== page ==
The wine scene in Singapore has not always been as vibrant as it is today. The country may have British roots, but wine drinking was traditionally the province of the well-heeled and the upper-class, but not ingrained in the daily life of the majority of the population. Twenty years ago, it was only the hotels that boasted decent wine lists – and those were predominantly French wines. The last ten years have proven to be revolutionary, and part of the change is a by-product of the surge in Australian wines. The fruit-forward styles, without the puckering tannins that people usually associate with French wines, coupled with consumer friendly prices, mean that the middle-class can now easily afford a bottle of wine.
We were fortunate to speak with Jimmy Ler, owner of Our Wine Arcade about his views on Portuguese and Spanish wines and the BMIC event. Below are his answers to our questions.
1. Can you please tell us a little bit about Our Wine Arcade, when was it founded and what was the reason behind getting into the wine trade?
We started some 10 years ago under Wine Arcade, and now has re-named it Our Wine Arcade to be more personal with the customers. This name is also to reflect the evolution of the market demand. It started with a group of friends indulging in drinking wines. It soon turned into a business as they perceived the demand for wines is gaining momentum.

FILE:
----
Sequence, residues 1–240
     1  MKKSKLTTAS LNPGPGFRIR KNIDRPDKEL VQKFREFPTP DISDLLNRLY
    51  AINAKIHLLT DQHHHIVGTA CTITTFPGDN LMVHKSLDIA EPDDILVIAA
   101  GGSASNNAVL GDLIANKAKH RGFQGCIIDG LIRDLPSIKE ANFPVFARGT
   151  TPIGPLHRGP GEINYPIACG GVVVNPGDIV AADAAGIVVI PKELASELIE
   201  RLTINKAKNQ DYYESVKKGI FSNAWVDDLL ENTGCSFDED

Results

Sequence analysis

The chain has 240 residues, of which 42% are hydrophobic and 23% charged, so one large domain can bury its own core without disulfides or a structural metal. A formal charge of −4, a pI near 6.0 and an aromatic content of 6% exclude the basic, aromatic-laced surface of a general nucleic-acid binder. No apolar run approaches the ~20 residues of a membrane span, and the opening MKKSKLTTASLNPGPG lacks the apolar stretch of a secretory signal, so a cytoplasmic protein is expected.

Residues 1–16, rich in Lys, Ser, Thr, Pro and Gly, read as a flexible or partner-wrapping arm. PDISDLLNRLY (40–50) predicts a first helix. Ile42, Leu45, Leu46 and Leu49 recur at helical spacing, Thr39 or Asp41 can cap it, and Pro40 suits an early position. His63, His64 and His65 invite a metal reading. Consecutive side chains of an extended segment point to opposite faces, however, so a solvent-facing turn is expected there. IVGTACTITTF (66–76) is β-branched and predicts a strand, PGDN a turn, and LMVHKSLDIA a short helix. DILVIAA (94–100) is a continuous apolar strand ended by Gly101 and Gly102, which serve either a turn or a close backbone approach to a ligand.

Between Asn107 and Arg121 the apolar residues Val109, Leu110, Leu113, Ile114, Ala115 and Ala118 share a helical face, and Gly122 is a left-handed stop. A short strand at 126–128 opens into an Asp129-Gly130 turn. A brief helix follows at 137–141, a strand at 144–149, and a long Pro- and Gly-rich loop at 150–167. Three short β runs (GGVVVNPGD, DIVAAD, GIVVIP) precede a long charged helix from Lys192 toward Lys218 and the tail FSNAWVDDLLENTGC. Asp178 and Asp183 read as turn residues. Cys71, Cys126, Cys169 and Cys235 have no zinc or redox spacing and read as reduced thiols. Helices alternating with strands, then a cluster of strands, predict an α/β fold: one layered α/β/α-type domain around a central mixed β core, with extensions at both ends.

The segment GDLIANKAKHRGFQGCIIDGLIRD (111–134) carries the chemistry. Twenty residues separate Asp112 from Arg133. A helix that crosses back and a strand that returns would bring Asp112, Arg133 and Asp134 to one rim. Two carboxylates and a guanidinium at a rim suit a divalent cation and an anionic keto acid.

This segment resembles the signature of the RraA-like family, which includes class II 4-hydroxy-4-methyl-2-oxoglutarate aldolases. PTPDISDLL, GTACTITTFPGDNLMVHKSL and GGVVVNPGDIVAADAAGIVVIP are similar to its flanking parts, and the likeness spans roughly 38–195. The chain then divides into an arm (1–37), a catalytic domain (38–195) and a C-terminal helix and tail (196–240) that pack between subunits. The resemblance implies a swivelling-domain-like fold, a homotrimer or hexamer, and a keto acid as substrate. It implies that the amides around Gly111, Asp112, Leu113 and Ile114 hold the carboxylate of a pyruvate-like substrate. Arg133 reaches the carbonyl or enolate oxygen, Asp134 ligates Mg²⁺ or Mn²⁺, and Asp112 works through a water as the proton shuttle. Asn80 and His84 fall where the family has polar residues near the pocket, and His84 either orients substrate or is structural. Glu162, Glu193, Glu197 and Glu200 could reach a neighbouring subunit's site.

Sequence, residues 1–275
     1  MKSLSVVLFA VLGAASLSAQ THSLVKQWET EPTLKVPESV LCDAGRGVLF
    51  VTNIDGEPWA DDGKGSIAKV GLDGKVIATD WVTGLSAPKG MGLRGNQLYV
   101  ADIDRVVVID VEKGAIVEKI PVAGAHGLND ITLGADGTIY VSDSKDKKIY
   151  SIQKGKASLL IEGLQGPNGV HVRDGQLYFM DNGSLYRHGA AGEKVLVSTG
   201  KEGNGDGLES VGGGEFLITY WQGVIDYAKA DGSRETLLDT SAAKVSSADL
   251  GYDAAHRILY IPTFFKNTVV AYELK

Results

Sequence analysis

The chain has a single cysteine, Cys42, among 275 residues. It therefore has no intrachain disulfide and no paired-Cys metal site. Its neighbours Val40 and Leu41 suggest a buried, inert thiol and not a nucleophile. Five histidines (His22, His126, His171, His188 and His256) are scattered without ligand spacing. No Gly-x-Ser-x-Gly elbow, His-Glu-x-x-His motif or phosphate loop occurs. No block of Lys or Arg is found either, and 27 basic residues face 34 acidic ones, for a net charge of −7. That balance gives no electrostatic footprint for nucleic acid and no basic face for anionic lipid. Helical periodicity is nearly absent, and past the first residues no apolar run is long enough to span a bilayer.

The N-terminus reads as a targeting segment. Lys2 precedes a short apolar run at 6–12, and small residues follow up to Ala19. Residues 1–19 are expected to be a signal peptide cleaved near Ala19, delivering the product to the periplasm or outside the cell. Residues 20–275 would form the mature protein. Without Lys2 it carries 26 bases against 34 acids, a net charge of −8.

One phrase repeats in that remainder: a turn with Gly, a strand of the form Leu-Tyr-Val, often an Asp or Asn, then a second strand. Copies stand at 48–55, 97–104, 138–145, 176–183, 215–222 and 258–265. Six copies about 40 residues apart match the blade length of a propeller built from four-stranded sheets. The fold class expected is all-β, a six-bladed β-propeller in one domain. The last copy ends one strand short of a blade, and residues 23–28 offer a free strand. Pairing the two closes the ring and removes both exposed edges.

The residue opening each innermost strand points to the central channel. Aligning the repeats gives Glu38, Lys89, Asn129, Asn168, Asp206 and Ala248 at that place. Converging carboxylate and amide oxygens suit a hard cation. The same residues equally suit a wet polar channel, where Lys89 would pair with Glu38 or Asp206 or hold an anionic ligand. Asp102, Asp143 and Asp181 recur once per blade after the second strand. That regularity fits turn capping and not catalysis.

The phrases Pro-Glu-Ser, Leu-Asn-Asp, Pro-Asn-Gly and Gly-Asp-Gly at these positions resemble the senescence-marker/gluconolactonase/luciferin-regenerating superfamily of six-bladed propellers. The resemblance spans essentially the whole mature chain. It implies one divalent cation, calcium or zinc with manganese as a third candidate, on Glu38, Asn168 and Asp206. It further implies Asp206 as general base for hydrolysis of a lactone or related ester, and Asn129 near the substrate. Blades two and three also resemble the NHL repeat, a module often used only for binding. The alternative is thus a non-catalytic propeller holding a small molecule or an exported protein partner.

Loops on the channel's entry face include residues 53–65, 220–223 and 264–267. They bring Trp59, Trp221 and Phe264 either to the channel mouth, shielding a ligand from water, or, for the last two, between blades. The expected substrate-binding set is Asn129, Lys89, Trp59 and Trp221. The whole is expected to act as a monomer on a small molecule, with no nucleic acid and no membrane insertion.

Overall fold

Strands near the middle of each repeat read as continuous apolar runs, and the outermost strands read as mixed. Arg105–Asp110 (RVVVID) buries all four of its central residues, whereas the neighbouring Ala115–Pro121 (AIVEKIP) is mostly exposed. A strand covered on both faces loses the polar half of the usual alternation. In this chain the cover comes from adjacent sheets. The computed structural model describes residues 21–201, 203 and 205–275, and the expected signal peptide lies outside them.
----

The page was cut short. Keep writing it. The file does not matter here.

2. You currently import a nice selection of Spanish wines, what types/styles are most popular among your clientele in Singapore?
My clientele prefers heavy palate. Spanish wines give them this basic requirement.
3. What will you be looking out for at this year’s workshop?
I am looking for good quality wines that have a heavy palate and a depth of color. I am actually looking into expanding my portfolio of wines as I am catering to hotels’ need. The aim is to explore the possibility of expanding our wine portfolio as we expect the demand for 2012 to be excellent, surpassing 2011 which we were satisfied with its growth. As we distribute our wines to mainly hotels, high-end restuarants, Government Ministries, and also the President of Singapore, we are sourcing wines that are not easily available in the supermarkets
4. What wine events have you attended in the past and how would you compare the experience of a smaller workshop to a large-scale wine trade fair?What are the strengths and weaknesses of both from your perspective as a wine buyer?
I have attended VINEXPO, Vinitaly, WWN in Cannes. I believe that a smaller workshop will be able to achieve more constructive results as the atmosphere is more intimate; vis-à-vis, to know and study each other better.
Buyers are travelling from all over the world, with tremendous interest from the USA and Canada, to meet small to medium sized wine producers who do not usually take part in the large wine & food trade fairs. Buyers are looking for white, red and rose wines as well as cava, sparkling and fortified wines.